QUINCY -- Hoping to rescue businesses hit by the coronavirus pandemic from financial ruin, Quincy City Council members approved spending up to $100,000 on a consumer spending program that will reward shoppers with a credit on an upcoming utility bill.
The initiative, known as the Helping Establishments Re-Open or HERO program, was approved in a 13-0 vote. Aldermen Mike Farha, R-4, was absent from the meeting.
"I think it is a great thing for the businesses of Quincy and the residents of Quincy. I hope this works. We are here trying to do something different to try and help the community, the citizens of Quincy," said Alderman Jason Finney, R-2, who alongside Alderman Katie Awerkamp, D-6, sponsored the ordinance and advocated for its passage. The HERO program is inspired by a similar program in Macomb.
"It is just exciting to see that there is money being put back in our community. It has been a rough couple of months for our small businesses especially," said Awerkamp, who added that the HERO program has generated a lot of buzz among business owners who are excited about what it could mean for their businesses.
The City Council agreed to waive the three readings of the ordinance, which clears the way for the ordinance to take effect immediately.
Under the program's guidelines, through Aug. 31, residents who spend up to $150 pretax at a variety of area retailers and businesses will receive a $25 credit on an future water bill. The one-time water credits are limited to 4,000 households in Quincy.
City Treasurer Linda Moore said her office, which is responsible for collecting the receipts submitted by participating residents, and Director of Planning and Development Chuck Bevelheimer are nearly 90% through compiling a list of businesses within the city limits that are eligible to participate in the program.
"We are still reviewing the list. We are going through business by business who was essential and nonessential, who was open and who was not open," Moore said.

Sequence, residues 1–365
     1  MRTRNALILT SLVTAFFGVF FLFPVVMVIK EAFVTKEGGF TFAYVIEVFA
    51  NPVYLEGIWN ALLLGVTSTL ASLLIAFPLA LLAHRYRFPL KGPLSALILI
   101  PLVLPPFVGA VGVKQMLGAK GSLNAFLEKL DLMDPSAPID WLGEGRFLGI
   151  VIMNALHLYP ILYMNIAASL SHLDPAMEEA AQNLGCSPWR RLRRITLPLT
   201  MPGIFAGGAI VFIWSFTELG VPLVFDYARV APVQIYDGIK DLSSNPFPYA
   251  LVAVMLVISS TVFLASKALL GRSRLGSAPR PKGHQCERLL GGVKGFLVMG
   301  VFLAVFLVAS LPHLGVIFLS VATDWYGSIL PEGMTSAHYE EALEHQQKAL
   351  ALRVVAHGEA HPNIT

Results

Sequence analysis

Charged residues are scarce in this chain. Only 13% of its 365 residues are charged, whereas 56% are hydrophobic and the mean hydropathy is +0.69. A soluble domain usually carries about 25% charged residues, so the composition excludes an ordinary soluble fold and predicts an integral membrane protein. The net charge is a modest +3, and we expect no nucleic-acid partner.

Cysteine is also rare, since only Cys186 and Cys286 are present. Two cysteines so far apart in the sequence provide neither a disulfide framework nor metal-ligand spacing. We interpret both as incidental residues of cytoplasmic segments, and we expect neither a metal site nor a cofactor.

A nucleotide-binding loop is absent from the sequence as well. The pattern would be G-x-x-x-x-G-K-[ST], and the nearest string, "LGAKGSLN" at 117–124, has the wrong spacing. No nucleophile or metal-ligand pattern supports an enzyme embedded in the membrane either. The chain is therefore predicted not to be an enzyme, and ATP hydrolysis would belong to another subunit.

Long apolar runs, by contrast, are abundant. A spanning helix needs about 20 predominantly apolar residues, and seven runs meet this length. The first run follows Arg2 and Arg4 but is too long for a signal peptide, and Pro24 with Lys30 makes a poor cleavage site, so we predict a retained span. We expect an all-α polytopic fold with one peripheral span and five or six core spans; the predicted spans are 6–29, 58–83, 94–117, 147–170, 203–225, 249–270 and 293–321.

There are an estimated 1,500 businesses operating in the city.
A list of eligible businesses, or businesses who were financially hurt by the pandemic and not allowed to be open or were operating under restrictions, will be published by the city in coming days. That list and a credit request form will be published on the city's website.
The list is expected to include retail stores, boutiques, salons, studios, clothing stores and other nonessential businesses, including restaurants, within the city limits that were forced to close. To-go food orders from restaurants and curbside pick-up purchases from retailers will count towards the credit.
Finney and Awerkamp said last week that purchases made at grocery stores, gas stations, home improvement stores, garden centers, liquor stores, cannabis dispensaries, video gaming parlors and pharmacies will not count toward the credit.
Funding for the water credits comes from unused funds within the city's $500,000 COVID-19 relief program, Quincy Mayor Kyle Moore said. Of the $500,000, more than $220,000 has been used to make micro-loans to small businesses, and $100,000 will fund the water bill credits.
The $500,000 originates from a decades-old federally created economic development initiative in Quincy. No local tax dollars paid to Quincy's municipal government will be used to finance the water credits and the city's water enterprise fund will not lose money because of this program, Director of Utilities Jeffrey Conte said.
Receipts and the credit request form must be submitted to Quincy City Treasurer Linda Moore by Sept. 30. Receipts can be from multiple purchases at the same store or from a single purchase at one store. In addition to purchasing goods from retailers or services from salons, the purchase of gift cards also will be counted toward the $150 requirement, according to a memo from Bevelheimer.
"This is just a no brainer for residents who have been hit so hard to get a rebate on their water bill," Alderman Benjamin Uzelac, D-7, said.
In other business, Mayor Moore said the members of the City Council will discuss at next week's with an ordinance outlining guidelines for public gatherings and special event during the pandemic.